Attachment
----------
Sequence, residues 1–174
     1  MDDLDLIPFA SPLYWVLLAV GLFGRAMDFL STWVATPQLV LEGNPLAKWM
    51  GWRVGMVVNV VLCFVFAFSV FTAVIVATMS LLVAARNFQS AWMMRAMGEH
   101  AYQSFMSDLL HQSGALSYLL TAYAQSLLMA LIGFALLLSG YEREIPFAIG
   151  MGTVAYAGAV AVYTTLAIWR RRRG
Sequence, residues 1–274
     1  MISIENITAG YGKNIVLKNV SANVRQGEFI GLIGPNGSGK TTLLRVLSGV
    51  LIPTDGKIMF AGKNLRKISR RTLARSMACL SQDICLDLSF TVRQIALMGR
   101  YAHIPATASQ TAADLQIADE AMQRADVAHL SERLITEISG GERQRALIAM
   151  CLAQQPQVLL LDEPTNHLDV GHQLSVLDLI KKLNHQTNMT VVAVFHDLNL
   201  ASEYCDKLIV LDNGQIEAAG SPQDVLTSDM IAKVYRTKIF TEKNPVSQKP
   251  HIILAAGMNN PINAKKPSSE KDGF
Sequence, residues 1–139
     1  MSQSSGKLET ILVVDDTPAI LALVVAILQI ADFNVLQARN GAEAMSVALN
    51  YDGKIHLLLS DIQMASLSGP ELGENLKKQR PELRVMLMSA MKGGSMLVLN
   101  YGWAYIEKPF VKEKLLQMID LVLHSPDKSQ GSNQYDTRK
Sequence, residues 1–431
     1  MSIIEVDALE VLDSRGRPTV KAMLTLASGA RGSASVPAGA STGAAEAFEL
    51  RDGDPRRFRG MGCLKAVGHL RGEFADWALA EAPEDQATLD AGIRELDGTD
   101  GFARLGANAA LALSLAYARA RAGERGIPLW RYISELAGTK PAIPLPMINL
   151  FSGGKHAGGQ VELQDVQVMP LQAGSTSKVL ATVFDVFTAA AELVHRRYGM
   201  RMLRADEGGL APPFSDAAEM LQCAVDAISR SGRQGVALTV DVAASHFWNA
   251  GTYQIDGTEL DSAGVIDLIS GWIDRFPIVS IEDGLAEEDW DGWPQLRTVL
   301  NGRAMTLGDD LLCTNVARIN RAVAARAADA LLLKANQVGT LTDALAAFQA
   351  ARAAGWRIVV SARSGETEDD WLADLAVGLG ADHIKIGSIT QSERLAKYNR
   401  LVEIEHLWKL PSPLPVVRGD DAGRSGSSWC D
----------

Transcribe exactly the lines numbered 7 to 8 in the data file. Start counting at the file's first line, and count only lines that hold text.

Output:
     1  MISIENITAG YGKNIVLKNV SANVRQGEFI GLIGPNGSGK TTLLRVLSGV
    51  LIPTDGKIMF AGKNLRKISR RTLARSMACL SQDICLDLSF TVRQIALMGR